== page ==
MAN
No, really. I just… I had to tell you. Just so, I don’t know why I had to tell you. But I did. I needed to. You needed to know. Not that… I don’t know.

WOMAN
Thanks.

MAN
What’s your name?

WOMAN
Pam.

SHE THINKS: SHOULD HAVE SAID “PAMELA.” SOUNDS MUCH PRETTIER. WHY DOES IT MATTER? IT DOES.

MAN
I’m Christopher.

WOMAN
Nice to meet you.

THE LIGHT TURNS GREEN. SHE STEPS ONTO THE CURB.

MAN
Uh, hey! Where are you from?

WOMAN
I live around here.

SHE DOESN’T. BUT IT SOUNDS BETTER THAN “I’M MARRIED.”

WOMAN (cont)
Have a nice day, Christopher. And thanks.

MAN
I live around here too! Maybe I’ll see you.

WOMAN
Bye.

FLASHBACK

INT. CROWDED HOLLYWOOD MOVIE THEATER — THAT MORNING

THE YOUNG WOMAN IS WATCHING A TRAILER. THE STRANGER NEXT TO HER NUDGES HER ELBOW.

STRANGER
(GESTURING TO SCREEN)
I worked on that.

WOMAN
Hey, congratulations!

THE TRAILER CHANGES TO ONE WITH A SERIOUSLY HOT BRUNETTE WOMAN TAKING OFF HER BRA. THE WOMAN NUDGES THE MAN.

WOMAN
That’s me.

THE STRANGER HOLDS UP HIS FIST FOR HER TO DAP. SHE PUNCHES IT LIGHTLY.

END OF FLASHBACK

INT. CORNER STORE – A FEW MINUTES LATER

THE CASHIER INCORRECTLY RINGS UP THE WOMAN’S PURCHASE. IT SAYS $0.71.

WOMAN
I’ll take it!

CASHIER
Oh, ha-ha! I see you have the money, though.

THEY STARE AT THE CASH IN HER HAND.

WOMAN
Looks like I do.

MAN
Tell you what. You keep coming here, and if you ever don’t have enough, I’ll give it to you for seventy-one cents.

WOMAN
Oh.

MAN
I’m serious. Today you have the money, but you might not tomorrow. And that’s when you can just take it. For you. Just promise to come back and see me again.

WOMAN
Well, thank you.

WOMAN WALKS BACK TO HER CAR WONDERING, “WHAT THE HELL? THIS STUFF NEVER HAPPENS TO ME. MARRIAGE SURE DOES MAKE YOU ATTRACTIVE TO OTHER PEOPLE. EITHER THAT, OR I MUST REMEMBER TO WEAR THIS HOT PINK TANK TOP EVERY DAY FOR THE REST OF MY LIFE.”
[/scripty]

matter and antimatter

I spent the morning watching What the Bleep Do We Know, a movie with a very silly name, a Yanni-esque website, and a scene with a ridiculous wedding interlude, but a movie that got in my head nonetheless. It attempts to explain quantum physics in the most layman’s terms, relating it to our perception of our universe. Read more

rule of pam: the worse you look, the more likely you will run into old friends

There is never a good time for you to wear your own t-shirt.

I said this to stee last night as we got ready for the Rilo Kiley concert. I had just finished posting this, and realized I hadn’t worn mine yet.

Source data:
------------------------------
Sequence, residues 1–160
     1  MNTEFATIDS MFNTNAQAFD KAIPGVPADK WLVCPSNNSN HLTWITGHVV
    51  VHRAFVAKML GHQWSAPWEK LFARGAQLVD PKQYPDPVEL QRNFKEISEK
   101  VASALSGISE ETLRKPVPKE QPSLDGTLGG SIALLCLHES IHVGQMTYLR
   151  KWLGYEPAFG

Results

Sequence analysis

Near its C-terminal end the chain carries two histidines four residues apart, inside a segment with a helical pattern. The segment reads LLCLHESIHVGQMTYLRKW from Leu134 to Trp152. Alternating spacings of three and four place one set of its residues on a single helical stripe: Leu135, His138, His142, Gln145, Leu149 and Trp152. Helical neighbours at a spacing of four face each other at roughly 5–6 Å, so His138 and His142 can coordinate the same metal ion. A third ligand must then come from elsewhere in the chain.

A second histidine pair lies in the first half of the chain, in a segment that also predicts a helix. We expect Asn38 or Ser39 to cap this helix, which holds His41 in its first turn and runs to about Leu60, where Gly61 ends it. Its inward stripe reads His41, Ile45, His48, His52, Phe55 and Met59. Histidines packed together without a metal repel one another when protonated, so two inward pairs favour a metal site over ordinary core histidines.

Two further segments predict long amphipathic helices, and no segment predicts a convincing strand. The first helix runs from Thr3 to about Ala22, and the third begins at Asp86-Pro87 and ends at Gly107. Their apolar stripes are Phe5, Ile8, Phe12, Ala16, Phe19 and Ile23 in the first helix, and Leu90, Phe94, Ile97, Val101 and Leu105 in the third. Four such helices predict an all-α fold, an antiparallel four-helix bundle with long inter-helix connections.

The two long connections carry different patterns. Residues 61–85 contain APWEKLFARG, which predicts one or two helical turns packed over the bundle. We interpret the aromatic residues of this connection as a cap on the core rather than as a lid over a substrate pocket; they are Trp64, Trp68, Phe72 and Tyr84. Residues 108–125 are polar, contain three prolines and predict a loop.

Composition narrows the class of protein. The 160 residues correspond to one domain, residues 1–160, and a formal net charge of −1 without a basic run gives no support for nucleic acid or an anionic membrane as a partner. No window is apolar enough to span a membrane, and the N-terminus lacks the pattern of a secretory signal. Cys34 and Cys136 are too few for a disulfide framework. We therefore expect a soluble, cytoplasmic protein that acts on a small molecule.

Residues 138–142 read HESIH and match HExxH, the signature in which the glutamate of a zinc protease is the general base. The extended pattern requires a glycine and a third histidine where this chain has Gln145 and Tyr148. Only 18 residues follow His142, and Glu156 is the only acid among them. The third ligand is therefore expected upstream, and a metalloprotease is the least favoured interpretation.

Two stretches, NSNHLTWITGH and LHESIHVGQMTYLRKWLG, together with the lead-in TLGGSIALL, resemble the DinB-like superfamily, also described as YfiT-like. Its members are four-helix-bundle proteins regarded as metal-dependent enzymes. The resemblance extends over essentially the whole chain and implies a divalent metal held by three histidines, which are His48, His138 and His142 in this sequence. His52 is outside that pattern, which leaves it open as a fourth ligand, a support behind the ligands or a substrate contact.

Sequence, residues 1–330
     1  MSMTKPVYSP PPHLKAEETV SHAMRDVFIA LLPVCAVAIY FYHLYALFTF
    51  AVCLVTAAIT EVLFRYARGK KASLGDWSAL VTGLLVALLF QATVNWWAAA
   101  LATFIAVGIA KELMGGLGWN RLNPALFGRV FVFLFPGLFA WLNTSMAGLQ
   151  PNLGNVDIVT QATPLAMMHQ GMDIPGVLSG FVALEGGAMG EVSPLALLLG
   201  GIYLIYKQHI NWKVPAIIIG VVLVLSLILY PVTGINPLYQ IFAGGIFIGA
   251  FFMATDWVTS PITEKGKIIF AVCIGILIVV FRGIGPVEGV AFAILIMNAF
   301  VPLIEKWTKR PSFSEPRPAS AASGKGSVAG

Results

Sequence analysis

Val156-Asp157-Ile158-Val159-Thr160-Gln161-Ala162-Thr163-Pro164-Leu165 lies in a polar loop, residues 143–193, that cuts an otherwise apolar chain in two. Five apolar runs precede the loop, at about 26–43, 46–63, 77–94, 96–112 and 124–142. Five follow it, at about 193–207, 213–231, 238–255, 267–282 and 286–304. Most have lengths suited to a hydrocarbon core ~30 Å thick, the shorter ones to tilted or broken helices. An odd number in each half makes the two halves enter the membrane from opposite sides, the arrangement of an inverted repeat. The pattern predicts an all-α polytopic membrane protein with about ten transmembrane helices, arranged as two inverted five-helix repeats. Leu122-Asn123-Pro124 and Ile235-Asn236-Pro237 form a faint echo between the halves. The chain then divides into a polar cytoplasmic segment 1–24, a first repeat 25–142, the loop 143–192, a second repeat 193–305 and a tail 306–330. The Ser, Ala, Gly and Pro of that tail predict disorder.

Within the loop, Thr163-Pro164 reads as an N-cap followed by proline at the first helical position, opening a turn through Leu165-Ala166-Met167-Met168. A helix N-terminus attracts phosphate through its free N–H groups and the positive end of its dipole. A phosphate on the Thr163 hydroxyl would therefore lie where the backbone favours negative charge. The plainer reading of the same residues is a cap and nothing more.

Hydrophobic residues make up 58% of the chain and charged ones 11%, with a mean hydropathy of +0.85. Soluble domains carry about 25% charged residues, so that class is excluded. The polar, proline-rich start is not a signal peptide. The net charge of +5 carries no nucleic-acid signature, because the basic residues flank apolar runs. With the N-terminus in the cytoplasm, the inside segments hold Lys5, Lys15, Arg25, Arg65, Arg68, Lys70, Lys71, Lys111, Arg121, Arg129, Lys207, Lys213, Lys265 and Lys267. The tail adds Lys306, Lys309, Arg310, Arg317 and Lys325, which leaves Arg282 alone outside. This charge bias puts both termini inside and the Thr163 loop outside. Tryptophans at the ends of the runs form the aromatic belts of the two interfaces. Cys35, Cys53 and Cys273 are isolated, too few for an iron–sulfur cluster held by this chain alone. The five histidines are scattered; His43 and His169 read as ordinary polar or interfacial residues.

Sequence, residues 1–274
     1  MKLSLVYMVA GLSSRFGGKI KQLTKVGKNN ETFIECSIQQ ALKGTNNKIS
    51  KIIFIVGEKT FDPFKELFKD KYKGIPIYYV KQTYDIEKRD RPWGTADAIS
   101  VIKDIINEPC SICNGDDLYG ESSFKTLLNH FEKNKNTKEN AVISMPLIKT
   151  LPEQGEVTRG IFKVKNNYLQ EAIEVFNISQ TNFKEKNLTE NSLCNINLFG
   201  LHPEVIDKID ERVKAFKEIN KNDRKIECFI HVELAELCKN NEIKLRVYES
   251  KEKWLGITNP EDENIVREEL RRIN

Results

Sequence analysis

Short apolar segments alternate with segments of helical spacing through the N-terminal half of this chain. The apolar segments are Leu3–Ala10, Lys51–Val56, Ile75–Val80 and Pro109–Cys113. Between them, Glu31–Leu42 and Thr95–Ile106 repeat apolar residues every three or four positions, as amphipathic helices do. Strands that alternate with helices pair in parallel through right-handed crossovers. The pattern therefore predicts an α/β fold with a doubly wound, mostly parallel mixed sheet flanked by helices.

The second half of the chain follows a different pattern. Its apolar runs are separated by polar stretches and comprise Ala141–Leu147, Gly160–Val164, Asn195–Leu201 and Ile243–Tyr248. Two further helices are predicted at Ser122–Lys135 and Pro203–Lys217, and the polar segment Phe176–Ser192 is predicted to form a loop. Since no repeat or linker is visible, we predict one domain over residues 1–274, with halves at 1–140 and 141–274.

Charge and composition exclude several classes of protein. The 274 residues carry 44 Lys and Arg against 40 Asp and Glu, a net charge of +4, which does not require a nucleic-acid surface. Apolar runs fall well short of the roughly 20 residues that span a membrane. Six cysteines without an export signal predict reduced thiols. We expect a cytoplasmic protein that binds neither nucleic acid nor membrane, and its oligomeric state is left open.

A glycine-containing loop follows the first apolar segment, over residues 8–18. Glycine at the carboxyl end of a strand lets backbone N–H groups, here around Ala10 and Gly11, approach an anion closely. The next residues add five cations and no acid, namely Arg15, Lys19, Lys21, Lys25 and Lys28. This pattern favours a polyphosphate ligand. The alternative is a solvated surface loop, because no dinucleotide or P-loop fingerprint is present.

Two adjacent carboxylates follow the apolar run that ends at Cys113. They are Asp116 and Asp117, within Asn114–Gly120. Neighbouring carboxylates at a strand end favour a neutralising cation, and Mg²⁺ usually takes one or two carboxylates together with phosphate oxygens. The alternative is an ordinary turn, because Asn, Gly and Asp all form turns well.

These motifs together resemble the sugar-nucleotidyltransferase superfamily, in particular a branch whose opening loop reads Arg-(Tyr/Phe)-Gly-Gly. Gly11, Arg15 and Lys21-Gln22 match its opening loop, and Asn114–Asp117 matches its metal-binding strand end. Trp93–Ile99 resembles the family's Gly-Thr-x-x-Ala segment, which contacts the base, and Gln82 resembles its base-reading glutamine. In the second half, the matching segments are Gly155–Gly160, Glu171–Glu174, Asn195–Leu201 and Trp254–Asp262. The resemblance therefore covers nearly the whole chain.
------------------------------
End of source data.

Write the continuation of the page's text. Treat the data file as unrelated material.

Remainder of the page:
“Your Wonder Killer shirt?” stee asked. “You should wear it. It’s not like it says ‘pamie.com’ on it, or anything.”

I wore the shirt, under a hoodie. stee was right. It’s not like anybody at the Wiltern would have any idea I was wearing my own t-shirt. I’d been feeling ill all day, so I pulled my hair into pigtails, wore my comfiest jeans and said, “Fuck it; we’re going to be in the dark all night.”

So, of course, the first people we run into when we hit the theater are these girls.

Ziiiiiiiip.

When seeing the girls who judge fashion as a serious hobby for the first time in probably over a year, do you:

A) Meet them with a hoodie zipped up to your neck, making you look like you might be hiding a pregnant belly.
B) Meet them wearing your own t-shirt, when they are not wearing the shirts they sold the exact same month.
C) Worry about what you look like because they’re both so cute and why didn’t you at least put on some lip gloss before you went out in public because you’re at the Wiltern. Jesus.

Answer: all of the above.

We had seats for the concert, between a row of parents watching their kids down in general admission and a row of kids who were pissed off that the show was so late they’re were going to miss it because of their curfew. Just when I thought I was done being dorky, the band brought out Debbie Gibson, and I lost all cool singing “Lost In Your Eyes” at full volume. Haven’t heard that song in — what, fifteen years at least? Sure knew every word.

(I wish she had done “Foolish Beat.”)

shallow hollywood moment #437

[scripty]
stee
Those guys sitting behind us are Paparazzi.

pamie
Really?

stee
They’re uploading images of Lindsay Lohan. They didn’t order any coffee. They’re just using the wireless.

pamie
They’re going to have to make some laws against this soon, right?

stee
After that guy smashed his car into her, probably.

pamie
They’re stalkers.

stee
It’s pretty funny.

pamie
No. It’s scary.

stee
Kinda funny.

pamie
Hey, look! Sara Gilbert!
[/scripty]